Malcolm Turnbull’s performance yesterday hasn’t exactly won rave reviews from the press, still, it was better than Tony Abbott’s on the 7.30 Report, where the next leader of the Liberal Party was alternately lost for words and sticking to the now officially-debunked claim that the Government was involved in “crony capitalism”. Was Christopher Pyne not available?
Turnbull’s argument that he was the victim of a public servant who was well-regarded but who had, unbeknownst to anyone, quietly gone off the deep end, is sound. You can quibble about whether Grech’s over-familiarity with the Leader of the Opposition in personal emails looked a bit odd, and the fact that at least someone in the Opposition might have wondered whether they were going to claim the scalp of Kevin Rudd on such a trivial matter. You can question whether Turnbull himself should have led the attack.
But what are Oppositions in a parliamentary democracy supposed to do when a trusted public servant presents evidence of impropriety? Obsess over due process? Call in IT specialists to check that the person who claims to have received an email is being honest? Should they have borrowed Kyle and Jackie O’s lie detector and strapped Grech in that night at Potts Point?
Turnbull would have been remiss not to have pursued the Government on the basis of Grech’s claims.
The problem lies in how Turnbull handled the affair when it blew up in his face. Like his political nemesis Kevin Rudd, Turnbull has a raging ego. Unlike Rudd, he appears unable to subordinate it to his political interests. Given Turnbull and Abetz’s interaction with Grech, the revelation the email was a fake on that fateful Monday should have been the cue for a retreat under fire and an acceptance that, having been fooled, it was time to cut their losses.
But Turnbull’s reaction was to tell falsehoods, to complain about the media being distracted by Rudd, and to head off any investigation of how the Liberals had handled it.
He has persistently claimed — and repeated yesterday — that no attack was made on the Prime Minister until after Godwin Grech’s Senate appearance on 19 June. The Hansard shows Eric Abetz accusing the Prime Minister of favouring John Grant and suggesting he resign on 4 June during Senate Estimates. Turnbull keeps claiming that Kevin Rudd has “accused me, without any basis in fact, of having forged this email.” Rudd has never done any such thing — indeed, has been careful to confine his comments to claiming that the Liberals had questions to answer about their role in the production or dissemination of the email.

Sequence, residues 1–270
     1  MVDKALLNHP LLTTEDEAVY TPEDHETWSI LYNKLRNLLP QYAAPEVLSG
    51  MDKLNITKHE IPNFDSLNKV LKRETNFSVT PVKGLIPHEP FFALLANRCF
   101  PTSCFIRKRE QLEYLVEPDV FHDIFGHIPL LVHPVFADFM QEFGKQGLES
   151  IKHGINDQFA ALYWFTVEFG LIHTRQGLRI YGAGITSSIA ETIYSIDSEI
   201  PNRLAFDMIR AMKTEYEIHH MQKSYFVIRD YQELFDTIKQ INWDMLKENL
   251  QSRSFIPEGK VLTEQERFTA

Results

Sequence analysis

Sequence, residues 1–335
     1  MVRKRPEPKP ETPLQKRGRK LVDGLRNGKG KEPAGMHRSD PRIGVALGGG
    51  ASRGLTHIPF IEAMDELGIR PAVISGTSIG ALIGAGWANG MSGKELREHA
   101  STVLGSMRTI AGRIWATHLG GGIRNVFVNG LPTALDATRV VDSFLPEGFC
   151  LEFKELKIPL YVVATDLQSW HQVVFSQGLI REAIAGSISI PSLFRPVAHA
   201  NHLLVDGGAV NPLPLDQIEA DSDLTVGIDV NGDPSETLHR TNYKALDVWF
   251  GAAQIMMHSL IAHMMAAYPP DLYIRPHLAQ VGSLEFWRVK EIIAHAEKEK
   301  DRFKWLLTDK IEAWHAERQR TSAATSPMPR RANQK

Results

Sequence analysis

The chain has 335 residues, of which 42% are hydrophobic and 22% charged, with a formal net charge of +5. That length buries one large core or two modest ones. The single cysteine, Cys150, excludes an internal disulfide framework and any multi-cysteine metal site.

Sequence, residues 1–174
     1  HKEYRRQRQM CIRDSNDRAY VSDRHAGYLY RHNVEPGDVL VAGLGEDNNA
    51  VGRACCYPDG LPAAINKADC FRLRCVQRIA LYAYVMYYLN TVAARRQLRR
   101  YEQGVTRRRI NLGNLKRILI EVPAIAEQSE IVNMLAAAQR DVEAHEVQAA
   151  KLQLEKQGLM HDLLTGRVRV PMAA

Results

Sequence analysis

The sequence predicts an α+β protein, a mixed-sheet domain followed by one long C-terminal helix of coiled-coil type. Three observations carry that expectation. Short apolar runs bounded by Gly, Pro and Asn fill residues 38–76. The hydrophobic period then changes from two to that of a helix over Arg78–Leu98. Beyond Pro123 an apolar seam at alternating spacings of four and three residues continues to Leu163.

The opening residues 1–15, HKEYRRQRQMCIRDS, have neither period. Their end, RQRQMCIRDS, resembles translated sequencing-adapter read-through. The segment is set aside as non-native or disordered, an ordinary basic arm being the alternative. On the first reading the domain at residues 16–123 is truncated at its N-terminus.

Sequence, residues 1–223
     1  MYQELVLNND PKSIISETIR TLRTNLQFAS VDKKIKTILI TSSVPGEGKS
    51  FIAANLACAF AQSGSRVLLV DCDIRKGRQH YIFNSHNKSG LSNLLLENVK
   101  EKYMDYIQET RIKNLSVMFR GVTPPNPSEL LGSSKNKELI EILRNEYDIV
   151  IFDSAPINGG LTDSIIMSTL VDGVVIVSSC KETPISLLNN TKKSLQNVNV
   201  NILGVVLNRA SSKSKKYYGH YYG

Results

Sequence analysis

And yesterday Turnbull admitted that he had an “abbreviated note” of the contents of the email, while still insisting, as he has done for weeks, that he did not have a copy. What’s the difference between an “abbreviated note” of a short email and the email itself?
And it was the Liberals who — with that jibbering idiot Steve Fielding — prevented a Privileges Committee Inquiry into Senator Abetz’s knowledge of the email, while pushing a bizarre inquiry into the treatment of Grech.
It now looks like that inquiry has only been delayed rather than stopped. The Opposition will struggle to credibly oppose an inquiry into Eric Abetz’s role in the OzCar inquiry and the elaborate scripting that occurred prior to Estimates. Even Barnaby Joyce wasn’t ruling an inquiry out this morning.
None of this has helped. Instead, it has merely raised questions about Turnbull’s lack of judgement, particularly when he’s under fire — the sort of judgement Rudd coolly displayed himself back in June. If anything, Turnbull’s efforts to obscure what happened have only made things worse, particularly in light of the Auditor-General giving Rudd and Swan a clean bill of health.
Turnbull would have been better advised declaring that he was misled, apologising to Rudd and Swan for accusing them of corruption, muttering something about “improved internal processes” and trying to move on.
He should also demand Eric Abetz’s scalp. This disaster has occurred on Abetz’s patch and Abetz falling on his sword for humiliating his leader, while not fair, might serve to bring an end to things. It might also be the equivalent of throwing some meat to the Press Gallery, where the right-wing Tasmanian isn’t exactly loved.
None of that will happen, because Turnbull’s ego and his loathing of Rudd won’t let it. And that’s where the question of Turnbull’s character looms largest. There was nothing wrong with how he prosecuted the case against the Government, and everything wrong with how he handled the revelation that there was no case.